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Mexico, Filming, Drugs and War

Mexico’s been very difficult to film in. This primarily due to the fact that there’s quite a bit of kidnapping (although targeted), the cartel violence has brought out increased petty crime and the military (good guys) tend to take a more liberal approach of shooting first and asking questions later. All this equals out to being very careful when you pull out any sort of camera.

The situation down here is very real war. Military rolls with fingers in triggers, the guy on the street corner is suspect if he’s got a cell phone, local law enforcement are banned from using cell phones because most are working for the cartels and having cell phones contribute to a network of communication on the ground. Miliary convoys roll 4 and 5 trucks deep with mounted guns. A recent statistic I heard since being here (still digging up source) says there have been more Americans killed in Mexico in the last two years (generally stray gunfire) than in the Iraq and Afghanistan wars combined.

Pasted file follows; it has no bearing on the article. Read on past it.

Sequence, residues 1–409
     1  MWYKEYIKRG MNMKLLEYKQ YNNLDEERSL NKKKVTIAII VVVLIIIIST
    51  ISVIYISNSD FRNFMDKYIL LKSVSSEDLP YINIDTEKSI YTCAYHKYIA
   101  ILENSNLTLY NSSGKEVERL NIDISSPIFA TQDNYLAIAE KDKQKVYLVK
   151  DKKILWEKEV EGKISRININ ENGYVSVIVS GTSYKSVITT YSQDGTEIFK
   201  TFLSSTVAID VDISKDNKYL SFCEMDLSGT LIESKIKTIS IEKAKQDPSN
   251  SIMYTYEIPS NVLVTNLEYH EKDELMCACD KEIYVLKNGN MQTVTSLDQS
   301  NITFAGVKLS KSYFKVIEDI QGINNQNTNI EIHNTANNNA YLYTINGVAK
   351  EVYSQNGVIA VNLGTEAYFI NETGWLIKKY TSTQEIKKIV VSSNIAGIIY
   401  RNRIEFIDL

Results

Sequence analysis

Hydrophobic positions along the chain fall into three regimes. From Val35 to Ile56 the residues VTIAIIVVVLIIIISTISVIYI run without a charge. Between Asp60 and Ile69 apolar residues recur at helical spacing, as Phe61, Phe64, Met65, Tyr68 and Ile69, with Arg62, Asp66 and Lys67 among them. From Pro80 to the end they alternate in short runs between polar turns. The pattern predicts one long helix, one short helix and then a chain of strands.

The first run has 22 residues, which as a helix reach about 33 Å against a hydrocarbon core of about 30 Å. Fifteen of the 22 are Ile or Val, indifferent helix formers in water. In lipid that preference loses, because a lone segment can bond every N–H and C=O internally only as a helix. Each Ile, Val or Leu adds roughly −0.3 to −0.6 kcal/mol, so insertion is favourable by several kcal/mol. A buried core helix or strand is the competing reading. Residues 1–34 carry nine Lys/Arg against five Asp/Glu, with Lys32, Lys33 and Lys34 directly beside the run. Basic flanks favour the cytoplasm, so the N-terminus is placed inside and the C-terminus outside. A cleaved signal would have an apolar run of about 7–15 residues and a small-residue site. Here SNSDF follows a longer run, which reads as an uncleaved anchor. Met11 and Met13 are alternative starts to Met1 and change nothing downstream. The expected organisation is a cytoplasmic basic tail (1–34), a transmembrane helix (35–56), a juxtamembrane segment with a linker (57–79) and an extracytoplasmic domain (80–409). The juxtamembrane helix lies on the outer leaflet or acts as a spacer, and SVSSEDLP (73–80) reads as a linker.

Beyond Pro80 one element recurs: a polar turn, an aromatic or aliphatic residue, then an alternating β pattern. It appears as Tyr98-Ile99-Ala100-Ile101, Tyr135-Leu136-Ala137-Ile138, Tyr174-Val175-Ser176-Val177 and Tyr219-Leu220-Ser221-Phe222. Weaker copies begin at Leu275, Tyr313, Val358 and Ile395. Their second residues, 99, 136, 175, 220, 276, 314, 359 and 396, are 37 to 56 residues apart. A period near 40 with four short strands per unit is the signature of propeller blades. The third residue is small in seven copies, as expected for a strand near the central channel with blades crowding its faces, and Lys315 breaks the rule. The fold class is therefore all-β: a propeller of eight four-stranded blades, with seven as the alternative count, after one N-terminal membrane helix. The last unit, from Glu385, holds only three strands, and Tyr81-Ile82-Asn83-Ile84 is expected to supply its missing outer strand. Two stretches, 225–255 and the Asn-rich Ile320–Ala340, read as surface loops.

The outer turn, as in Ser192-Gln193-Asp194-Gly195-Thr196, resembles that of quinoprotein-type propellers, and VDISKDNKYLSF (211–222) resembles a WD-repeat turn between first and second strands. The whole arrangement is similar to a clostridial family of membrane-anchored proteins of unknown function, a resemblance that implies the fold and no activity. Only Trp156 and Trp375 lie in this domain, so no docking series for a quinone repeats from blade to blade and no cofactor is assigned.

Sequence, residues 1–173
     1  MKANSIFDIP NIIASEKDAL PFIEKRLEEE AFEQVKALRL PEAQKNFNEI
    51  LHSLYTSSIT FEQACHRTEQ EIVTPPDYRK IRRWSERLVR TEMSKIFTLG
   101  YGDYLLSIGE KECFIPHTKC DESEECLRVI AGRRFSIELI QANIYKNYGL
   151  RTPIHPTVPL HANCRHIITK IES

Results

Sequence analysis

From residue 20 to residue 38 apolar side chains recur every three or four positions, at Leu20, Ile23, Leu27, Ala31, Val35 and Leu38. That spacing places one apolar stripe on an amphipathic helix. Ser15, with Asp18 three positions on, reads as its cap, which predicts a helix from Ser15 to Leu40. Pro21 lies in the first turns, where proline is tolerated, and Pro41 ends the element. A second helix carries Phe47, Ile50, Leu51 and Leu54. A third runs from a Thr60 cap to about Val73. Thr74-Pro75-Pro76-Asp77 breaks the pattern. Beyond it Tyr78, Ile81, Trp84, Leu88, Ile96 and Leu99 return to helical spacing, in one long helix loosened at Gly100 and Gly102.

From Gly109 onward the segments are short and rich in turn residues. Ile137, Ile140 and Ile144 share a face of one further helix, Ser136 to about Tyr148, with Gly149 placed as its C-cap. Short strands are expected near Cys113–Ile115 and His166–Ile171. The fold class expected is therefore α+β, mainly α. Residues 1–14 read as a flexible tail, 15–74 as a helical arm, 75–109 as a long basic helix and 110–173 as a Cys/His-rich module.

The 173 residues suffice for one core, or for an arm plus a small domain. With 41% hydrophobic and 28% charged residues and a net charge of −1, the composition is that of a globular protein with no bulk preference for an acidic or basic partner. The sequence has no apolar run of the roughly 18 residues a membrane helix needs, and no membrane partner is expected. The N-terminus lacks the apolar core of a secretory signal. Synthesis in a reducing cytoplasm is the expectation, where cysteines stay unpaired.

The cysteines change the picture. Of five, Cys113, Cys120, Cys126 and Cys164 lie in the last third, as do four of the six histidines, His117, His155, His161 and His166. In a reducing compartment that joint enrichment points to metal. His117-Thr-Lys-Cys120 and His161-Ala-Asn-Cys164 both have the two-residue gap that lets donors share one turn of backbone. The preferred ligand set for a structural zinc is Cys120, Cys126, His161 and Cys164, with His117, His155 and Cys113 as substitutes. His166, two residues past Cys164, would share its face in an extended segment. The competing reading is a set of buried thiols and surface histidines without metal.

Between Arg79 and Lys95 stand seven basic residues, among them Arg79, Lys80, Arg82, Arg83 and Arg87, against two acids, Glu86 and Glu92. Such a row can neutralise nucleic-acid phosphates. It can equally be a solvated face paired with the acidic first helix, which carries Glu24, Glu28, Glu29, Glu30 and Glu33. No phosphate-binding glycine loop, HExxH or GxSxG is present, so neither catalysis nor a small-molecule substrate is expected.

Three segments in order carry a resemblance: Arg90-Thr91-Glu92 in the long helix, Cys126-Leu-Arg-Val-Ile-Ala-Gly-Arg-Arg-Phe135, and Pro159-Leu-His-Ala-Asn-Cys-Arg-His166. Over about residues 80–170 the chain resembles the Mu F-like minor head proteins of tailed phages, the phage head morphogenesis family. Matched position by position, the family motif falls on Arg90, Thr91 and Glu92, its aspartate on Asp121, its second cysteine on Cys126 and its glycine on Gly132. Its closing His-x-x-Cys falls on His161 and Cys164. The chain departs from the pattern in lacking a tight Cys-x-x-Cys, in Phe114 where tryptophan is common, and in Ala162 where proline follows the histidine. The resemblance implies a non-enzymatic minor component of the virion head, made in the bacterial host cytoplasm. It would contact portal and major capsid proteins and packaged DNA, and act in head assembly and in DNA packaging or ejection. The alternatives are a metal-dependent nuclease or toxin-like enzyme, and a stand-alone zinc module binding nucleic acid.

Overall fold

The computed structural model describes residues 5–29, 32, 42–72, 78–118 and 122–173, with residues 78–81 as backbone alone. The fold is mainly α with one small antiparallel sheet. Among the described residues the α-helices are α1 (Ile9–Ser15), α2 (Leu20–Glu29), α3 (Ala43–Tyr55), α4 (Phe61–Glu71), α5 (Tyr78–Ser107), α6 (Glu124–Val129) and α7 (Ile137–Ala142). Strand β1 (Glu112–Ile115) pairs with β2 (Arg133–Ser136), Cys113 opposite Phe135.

I say this to highlight the challenges of filming in such an environment. At any point a camera is out the risk is much higher. To date, we’ve been spending most of our time indoors however I’ve been pulling the camera out as able while rolling down the street or walking through some of the public plazas in safer locations.

I would be highly motivated to produce a doc on the drug war down here, but finding someone who would be willing to risk their life living down here, asking questions, and filming things for six months would be another story. Even something as nebulous as looking at a few individuals and how this war has affected their businesses and lives…like the childrens’ school I was just at today. The individual’s tale is very different than the one the American media portrays.

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©2019 by Jay Friesen.

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